Check These Recipes Out Too Y’all!

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Recipe Summary

  • 2 tablespoons canola oil
  • 1 large onion, chopped
  • 1 large green bell pepper, chopped
  • 1 (8 ounce) package sliced fresh mushrooms
  • 1 cup chopped celery
  • 2 teaspoons minced garlic
  • 1 (28 ounce) can diced tomatoes with juice
  • 1 (19 ounce) can vegetarian hot dogs (such as Loma Linda® Big Franks), sliced
  • 2 (12.5 ounce) cans vegetarian fried chicken (such as FriChik®), chopped
  • 1 cup vegetarian chicken-flavored broth
  • 1 cup brown rice
  • 2 teaspoons dried oregano
  • 2 teaspoons dried parsley
  • 2 teaspoons Cajun seasoning
  • 1 teaspoon cayenne pepper
  • ½ teaspoon dried thyme

Preheat oven to 350 degrees F (175 degrees C).

Heat canola oil in a large pan over medium heat cook and stir onion, bell pepper, mushrooms, celery, and garlic until onion is tender and translucent, about 5 minutes. Add tomatoes, vegetarian hot dogs, vegetarian fried chicken, vegetarian chicken broth, brown rice, oregano, parsley, Cajun seasoning, cayenne pepper, and thyme. Cook and stir until boiling, about 10 minutes. Transfer mixture to a large baking dish.

Lemon kale quinoa salad. It’s really good!

You’ll thank me for this recipe. I hope.

Even if you don’t like kale or are over it.

It’s more or less a knock-off of Whole Foods’ lemon kale soofoo salad, but made with quinoa, though feel free to sub soofoo, which is a mix of brown rice and grains. Soofoo is not easy to find, but it’s around.

The first time I had this salad from Whole Foods I fell in love with it. It’s tart from both lemon
and feta, crunchy from chopped nuts, a little bitter from the kale, and a touch sweet from dried cranberries.

The price is hard to take, though. In these parts it’s $8.99 a pound.

Here I’m giving you a very respectable copycat recipe, but this version calls for you to work
the kale over a little to make it less bitter and less overpowering. You know what I
mean. Kale isn’t known for subtlety.

This salad is about brightness and doesn’t swim in dressing, so proceed
accordingly if you alter the recipe. Don’t use too much oil. You don’t want to have to serve it with a slotted spoon, nor with an ice cream scoop. It should be a bit on the dry side.

Give it a shot and let me know what you think.

  • 1 bunch organic curly kale
  • ½ tsp Himalayan pink or fine kosher salt
  • 3 tbsp olive oil
  • 2 tsp organic sugar
  • Few shakes ground black pepper
  • ⅓ cup chopped pecans
  • ¼ cup dried cranberries
  • ⅓ cup chopped feta
  • 3 c cooked, cooled quinoa*
  • Zest of 1 lemon
  • Fresh lemon juice to taste, but at least ¼ cup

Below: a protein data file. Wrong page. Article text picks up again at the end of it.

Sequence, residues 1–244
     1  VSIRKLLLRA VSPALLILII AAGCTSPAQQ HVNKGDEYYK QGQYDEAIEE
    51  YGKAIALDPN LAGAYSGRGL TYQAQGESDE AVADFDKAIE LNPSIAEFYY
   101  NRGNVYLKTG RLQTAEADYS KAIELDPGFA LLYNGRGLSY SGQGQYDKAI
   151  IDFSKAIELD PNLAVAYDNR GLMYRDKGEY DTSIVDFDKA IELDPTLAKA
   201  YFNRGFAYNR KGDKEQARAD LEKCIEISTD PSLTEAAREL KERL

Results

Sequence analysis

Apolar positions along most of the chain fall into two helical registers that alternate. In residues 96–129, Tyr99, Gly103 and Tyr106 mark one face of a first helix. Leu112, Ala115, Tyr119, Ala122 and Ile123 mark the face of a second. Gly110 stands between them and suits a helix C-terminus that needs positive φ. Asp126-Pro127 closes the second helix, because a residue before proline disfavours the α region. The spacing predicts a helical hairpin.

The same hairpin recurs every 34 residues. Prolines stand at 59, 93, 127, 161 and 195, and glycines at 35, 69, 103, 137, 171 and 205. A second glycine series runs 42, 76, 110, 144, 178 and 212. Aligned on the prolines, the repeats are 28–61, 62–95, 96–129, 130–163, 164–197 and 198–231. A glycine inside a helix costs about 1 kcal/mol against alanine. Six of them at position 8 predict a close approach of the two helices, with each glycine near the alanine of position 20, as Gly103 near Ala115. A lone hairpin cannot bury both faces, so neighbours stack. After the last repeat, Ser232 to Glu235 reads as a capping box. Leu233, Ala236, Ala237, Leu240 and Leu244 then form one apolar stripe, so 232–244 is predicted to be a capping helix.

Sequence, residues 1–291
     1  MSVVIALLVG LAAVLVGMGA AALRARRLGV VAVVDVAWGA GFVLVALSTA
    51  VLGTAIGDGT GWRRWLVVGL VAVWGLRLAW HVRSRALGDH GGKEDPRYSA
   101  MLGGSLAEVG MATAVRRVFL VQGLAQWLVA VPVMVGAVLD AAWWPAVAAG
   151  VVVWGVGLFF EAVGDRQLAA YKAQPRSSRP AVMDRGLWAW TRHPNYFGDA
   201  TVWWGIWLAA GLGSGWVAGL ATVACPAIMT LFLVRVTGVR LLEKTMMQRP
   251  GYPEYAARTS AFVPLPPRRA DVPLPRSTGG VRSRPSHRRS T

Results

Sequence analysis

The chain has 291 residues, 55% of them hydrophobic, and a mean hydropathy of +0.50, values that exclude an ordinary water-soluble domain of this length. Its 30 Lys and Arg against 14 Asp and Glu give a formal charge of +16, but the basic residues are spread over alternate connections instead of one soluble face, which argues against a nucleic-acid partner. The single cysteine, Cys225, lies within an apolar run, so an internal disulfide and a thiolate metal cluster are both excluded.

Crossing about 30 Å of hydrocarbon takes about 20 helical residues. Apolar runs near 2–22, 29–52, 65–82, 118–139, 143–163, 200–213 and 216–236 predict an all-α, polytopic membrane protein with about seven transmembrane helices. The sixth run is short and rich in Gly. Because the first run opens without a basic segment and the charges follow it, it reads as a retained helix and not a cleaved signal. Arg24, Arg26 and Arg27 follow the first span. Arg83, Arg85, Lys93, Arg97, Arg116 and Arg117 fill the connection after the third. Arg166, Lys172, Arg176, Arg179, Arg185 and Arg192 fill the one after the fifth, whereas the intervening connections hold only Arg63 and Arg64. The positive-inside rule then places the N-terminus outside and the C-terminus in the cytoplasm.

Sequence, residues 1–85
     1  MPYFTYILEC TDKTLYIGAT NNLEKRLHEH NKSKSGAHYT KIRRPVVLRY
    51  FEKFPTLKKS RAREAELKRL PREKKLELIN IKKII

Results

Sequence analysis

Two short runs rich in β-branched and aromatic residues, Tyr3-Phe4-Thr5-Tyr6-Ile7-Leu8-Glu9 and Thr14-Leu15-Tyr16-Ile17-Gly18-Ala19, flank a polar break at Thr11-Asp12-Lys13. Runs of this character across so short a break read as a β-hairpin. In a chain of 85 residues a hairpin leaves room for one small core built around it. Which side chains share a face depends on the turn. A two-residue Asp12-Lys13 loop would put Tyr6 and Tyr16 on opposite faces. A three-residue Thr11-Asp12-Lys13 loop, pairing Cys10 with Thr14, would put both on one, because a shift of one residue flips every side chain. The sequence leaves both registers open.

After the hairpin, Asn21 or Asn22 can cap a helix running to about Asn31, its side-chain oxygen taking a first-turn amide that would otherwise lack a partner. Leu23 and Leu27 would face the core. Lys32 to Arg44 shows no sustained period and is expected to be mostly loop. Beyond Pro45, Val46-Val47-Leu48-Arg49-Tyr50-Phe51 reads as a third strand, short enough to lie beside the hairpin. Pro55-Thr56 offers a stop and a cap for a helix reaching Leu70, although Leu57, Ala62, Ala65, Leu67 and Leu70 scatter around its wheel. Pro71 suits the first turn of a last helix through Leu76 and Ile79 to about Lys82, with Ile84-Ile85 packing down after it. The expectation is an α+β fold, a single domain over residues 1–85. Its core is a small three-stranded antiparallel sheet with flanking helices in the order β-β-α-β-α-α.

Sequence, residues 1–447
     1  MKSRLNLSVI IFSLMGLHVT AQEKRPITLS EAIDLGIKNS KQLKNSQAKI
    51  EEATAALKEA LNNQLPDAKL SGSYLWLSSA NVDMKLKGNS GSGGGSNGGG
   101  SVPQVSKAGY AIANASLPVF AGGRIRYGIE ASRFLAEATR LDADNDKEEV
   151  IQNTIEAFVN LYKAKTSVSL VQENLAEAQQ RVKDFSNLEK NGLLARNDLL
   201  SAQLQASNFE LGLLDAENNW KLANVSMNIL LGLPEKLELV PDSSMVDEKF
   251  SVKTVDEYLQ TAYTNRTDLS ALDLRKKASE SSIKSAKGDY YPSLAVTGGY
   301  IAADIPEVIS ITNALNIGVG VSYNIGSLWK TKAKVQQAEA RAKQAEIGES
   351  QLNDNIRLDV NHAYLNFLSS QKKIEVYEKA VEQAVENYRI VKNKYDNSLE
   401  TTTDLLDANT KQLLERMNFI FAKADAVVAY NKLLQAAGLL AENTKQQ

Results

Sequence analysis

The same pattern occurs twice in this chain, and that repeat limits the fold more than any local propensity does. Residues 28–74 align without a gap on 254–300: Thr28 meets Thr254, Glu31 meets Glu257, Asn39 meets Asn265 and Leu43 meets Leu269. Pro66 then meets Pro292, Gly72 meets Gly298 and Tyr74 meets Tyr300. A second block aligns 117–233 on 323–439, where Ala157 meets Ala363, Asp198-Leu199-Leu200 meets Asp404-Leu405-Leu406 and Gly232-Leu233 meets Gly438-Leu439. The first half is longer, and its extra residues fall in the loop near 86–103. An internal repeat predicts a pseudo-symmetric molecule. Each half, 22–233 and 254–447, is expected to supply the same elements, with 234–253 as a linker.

1. Prepare your washed and dried kale by removing large stems and tearing or cutting leaves into pieces no more than a couple of inches square, or into strips about an inch wide. Place kale pieces into a large salad bowl and toss with the salt. Rub salt into the kale well and massage so as to break some of the cell walls. Next, pound the kale a bit with the end of a wooden spoon. Set aside for 45 minutes. Toss well with the oil, sugar and pepper. Set aside for another 30 mins. Kale should be somewhat softened and wilted, but still have some life left.
  2. Toss pecans, cranberries, feta and quinoa into prepared kale.
  3. Add lemon zest and juice and toss.
  4. Taste and adjust seasonings to your liking.

Creole Pinto Beans and Rice (Sallye)

Place beans in colander, run cold tap water over while sorting to remove any stones or other foreign debris. Do not skimp on rinsing to avoid contamination from grower.

Place beans in large heavy dutch oven or stew pot and cover with water to completely cover up to 2" above beans. NOTE: BEANS WILL ABSORB A LOT OF LIQUID WHILE COOKING.

Place pot on high heat and bring to a rolling boil

When water is boiling, add creole seasoning and tomato sauce, stirring well to blend into liquid. Turn heat to low so beans just simmer.

Cook for 3 hours, checking often and adding more water if needed

Put 1 tablespoon oil in heavy skillet and heat to medium high.

Cut sausages into 1" thick "silver dollar" pieces and place in skillet

Peel and cut onion into thin wedges separate pieces and add to skillet

Remove stem, seeds and veins on bell pepper, cut into thin wedges and add to skillet

Watch the video: 6 Scrumptious Hot Dog Recipes


  1. Langford

    This can not be!

  2. Rodwell

    I congratulate, what words ..., a magnificent idea

  3. Marwan

    OOOOOOOOOOOOOOO !! I have long wanted to see this !!!!

  4. Marn

    Yes you said correctly

  5. Zarad

    Unable to write: disc is full (R) over, (F) format, (Z) won # 911?

  6. Bohannon

    What are yours in the head?

  7. Doy

    Deleted (topic mix)